Spread” PowerPoint Slide Content and Alternative Text

Slide Number and TitleSlide ContentContent for Alternative Text (Illustration)
Slide 1
Cover Slide
(CUSP Toolkit logo)The “Spread” module of the Comprehensive Unit-based Safety Program (CUSP) Toolkit. The CUSP toolkit is a modular approach to patient safety, and modules presented in this toolkit are interconnected and are aimed at improving patient safety. 
Slide 2
Learning Objectives
  • Define spread and its role within an organization
  • Examine external and internal factors that affect spread
  • Present the components of a spread plan
  • Discuss myths and barriers to spread
  • Define spread and its role within an organization
  • Examine external and internal factors that affect spread
  • Present the components of a spread plan
  • Discuss myths and barriers to spread
Slide 3
Definition of Spread5
  • “Spreading takes the process from the narrow, segmented population(s) or group(s) and broadens it to include all the population(s) or group(s) that will use the process.”
  • “Formalizing a process provides a reference to others; those new to the organization and those in the organization needing clarity about the specifics of the process.”
A team of providers, the number of which is steadily increasing to include a range of providers, patients, and family members.
Slide 4
Why Spread?
  • Health care culture is local
  • Quality interventions target a process in small pilot projects usually on a local level (Lean Six Sigma, Plan-Do-Study-Act [PDSA])
  • Safety interventions targeted at the unit level (CUSP)
  • Shifting the paradigm—from hierarchical to team culture
 
Slide 5
Spread Framework6
Leadership
  • Topic is a key strategic initiative
  • Goals and incentives aligned
  • Executive sponsor assigned
  • Day-to-day managers identified
Measurement and Feedback Better Ideas
  • Develop the case
  • Describe the ideas
Setup
  • Target population
  • Adopter audiences
  • Successful sites
  • Key partners
  • Initial spread strategy
Social System
  • Key messengers
  • Communities
  • Technical support
  • Transition issues

Communication (awareness & technical)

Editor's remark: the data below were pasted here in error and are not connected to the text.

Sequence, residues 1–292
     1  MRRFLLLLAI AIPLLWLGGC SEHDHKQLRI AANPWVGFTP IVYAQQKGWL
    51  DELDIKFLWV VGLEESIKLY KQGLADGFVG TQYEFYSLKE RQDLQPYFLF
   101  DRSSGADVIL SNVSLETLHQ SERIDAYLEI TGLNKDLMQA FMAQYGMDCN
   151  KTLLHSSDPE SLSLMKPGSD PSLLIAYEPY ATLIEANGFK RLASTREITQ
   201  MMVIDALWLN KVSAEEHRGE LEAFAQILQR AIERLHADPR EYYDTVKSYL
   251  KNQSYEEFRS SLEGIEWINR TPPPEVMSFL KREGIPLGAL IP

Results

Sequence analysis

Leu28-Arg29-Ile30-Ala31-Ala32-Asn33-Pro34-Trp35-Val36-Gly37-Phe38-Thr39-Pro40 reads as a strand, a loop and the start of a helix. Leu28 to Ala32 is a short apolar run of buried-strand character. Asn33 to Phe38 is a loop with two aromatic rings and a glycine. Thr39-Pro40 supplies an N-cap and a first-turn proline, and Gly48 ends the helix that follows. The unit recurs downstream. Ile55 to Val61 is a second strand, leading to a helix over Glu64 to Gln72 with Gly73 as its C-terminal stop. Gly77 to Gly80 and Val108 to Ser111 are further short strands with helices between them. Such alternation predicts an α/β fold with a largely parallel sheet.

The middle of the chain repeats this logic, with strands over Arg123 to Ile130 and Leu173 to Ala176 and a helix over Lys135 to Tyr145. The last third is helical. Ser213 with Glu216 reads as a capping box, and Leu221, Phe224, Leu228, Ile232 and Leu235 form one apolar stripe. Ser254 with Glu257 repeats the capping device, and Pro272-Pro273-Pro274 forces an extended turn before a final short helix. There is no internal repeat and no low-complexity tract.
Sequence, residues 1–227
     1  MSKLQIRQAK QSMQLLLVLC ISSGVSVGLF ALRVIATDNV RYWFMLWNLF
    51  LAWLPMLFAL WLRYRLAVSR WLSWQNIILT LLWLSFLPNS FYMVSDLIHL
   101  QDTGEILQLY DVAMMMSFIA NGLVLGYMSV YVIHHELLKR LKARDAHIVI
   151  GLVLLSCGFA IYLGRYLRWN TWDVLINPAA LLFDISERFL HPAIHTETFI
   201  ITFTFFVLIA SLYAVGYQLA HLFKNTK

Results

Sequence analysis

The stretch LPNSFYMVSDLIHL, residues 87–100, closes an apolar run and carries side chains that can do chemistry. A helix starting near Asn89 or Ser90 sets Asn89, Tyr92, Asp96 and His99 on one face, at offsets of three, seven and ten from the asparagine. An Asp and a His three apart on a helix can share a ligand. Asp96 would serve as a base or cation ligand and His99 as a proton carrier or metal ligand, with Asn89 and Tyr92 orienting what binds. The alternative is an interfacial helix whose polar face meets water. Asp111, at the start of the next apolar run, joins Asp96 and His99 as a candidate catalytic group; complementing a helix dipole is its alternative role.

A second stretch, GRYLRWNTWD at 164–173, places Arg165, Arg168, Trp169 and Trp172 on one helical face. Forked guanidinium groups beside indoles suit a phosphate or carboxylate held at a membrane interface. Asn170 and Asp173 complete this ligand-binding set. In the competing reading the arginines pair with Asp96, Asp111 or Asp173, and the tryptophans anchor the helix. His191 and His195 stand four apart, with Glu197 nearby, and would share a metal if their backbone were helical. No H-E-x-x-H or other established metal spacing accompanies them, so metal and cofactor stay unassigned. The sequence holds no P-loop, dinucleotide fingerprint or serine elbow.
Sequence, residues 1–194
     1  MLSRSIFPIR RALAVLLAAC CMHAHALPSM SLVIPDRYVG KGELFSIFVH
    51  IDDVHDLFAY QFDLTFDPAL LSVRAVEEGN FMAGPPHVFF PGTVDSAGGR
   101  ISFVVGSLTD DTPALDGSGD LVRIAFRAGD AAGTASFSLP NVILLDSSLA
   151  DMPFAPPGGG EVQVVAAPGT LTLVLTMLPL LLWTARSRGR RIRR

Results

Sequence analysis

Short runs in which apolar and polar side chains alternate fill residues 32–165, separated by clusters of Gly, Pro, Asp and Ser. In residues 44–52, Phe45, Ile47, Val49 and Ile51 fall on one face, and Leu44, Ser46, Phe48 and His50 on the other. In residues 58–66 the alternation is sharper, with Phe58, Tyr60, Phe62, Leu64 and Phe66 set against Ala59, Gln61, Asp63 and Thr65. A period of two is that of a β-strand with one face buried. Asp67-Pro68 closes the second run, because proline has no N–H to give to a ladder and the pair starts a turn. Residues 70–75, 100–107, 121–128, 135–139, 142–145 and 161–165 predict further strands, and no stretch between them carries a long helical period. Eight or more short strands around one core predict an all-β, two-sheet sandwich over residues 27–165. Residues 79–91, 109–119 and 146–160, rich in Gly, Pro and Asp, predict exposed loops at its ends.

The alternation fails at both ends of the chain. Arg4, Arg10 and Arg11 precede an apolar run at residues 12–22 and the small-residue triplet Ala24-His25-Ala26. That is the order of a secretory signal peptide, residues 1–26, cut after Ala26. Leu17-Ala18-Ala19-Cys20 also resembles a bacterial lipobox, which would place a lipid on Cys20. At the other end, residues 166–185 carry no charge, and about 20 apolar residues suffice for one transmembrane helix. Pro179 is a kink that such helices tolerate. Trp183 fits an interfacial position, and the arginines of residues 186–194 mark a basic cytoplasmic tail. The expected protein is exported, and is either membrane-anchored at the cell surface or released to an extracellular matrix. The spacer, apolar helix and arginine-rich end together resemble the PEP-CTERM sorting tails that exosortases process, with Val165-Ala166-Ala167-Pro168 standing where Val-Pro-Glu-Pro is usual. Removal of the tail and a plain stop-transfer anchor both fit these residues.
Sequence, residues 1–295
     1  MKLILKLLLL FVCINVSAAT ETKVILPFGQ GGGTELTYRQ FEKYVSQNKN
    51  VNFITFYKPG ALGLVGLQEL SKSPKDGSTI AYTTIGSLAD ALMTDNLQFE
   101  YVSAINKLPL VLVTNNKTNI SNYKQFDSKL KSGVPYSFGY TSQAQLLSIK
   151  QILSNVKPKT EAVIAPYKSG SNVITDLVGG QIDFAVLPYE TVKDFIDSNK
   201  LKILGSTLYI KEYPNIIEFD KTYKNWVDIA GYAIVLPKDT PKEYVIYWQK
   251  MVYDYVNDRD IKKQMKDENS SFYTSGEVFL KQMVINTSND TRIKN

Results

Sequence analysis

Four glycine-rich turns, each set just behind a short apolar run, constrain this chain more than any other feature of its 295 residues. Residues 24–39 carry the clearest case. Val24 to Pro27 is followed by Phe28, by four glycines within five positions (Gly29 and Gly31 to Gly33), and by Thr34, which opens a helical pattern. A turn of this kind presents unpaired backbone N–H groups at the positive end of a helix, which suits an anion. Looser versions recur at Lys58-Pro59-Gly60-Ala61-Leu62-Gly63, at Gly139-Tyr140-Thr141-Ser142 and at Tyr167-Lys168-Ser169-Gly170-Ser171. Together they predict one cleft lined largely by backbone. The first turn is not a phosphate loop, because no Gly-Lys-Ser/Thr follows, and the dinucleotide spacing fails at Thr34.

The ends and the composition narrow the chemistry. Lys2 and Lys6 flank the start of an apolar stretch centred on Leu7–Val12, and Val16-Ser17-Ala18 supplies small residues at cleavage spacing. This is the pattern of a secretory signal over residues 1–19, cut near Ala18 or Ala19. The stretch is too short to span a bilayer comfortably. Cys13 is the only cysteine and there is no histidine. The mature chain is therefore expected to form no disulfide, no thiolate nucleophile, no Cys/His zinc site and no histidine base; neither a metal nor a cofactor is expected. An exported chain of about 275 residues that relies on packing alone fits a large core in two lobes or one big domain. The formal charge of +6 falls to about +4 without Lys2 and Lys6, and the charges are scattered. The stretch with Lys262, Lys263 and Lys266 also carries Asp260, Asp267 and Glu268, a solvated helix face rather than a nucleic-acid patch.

Knowledge Management

Adapted from the IHI Framework for Spread. [Massoud MR, Nielsen GA, Nolan K, Schall MW, Sevin C. A Framework for Spread: From Local Improvements to System-Wide Change. IHI Innovation Series white paper. Cambridge, MA: Institute for Healthcare Improvement; 2006.] (Available at www.IHI.org)

The Institute for Healthcare Improvement’s Spread Framework involves the following components:
Leadership,
Better ideas,
Setup,
Social System (including Communication),
Measurement and Feedback, and
Knowledge Management

Leadership plays a key role in the success of the process being spread. Ideas need to be evidence based and easily understood, and they should be beneficial to those who are adopting them.

To generate better ideas, a problem must first be recognized, a case for challenging it must be developed, and ideas need to be shared.

Setup involves knowing the target population—the group that will pilot test the project and develop its protocols before spreading it to populations with similar needs. Key partners need to be identified, the initial spread strategy defined, and successful sites recognized.

The social system influences both the rate and success of spread. Social system refers to the system or environment characterized by the patterns of relationships and behaviors.

Communication should be clear and consistent to ensure a clear understanding of the process being spread and its affect on the population it is spreading to.

Measurement and feedback generate better process ideas and ways to implement change.

Knowledge management and knowledge transfer consist of strategies and practices used to create, capture, organize, and distribute information to all other areas of an organization.

Slide 6
External Factors Affecting Spread7
  • Financial
  • Legal
  • Regulatory
  • Public opinion
  • Moral
  • Organizational priorities
 
Slide 7
Internal Factors Affecting Spread7
  • Leadership
  • Availability of resources
  • Knowledge and skill set
  • Organizational culture
  • Ongoing improvement efforts
  • Other priorities
A group of providers
Slide 8
Factors that Affect Spread
 Video icon
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Slide 9
What Facilitates Spread Success
  • Evidence-based efforts, tools, and examples
  • Leadership support
  • Easy to adopt
  • Pertinent and relevant issue
  • Able to be piloted or tested on a small scale
  • Observable
A group of providers seated at a conference table viewing a presentation
Slide 10
Spread Sequencing8
  • Developing a change
  • Theory and prediction
  • Testing a change
  • Test under a variety of conditions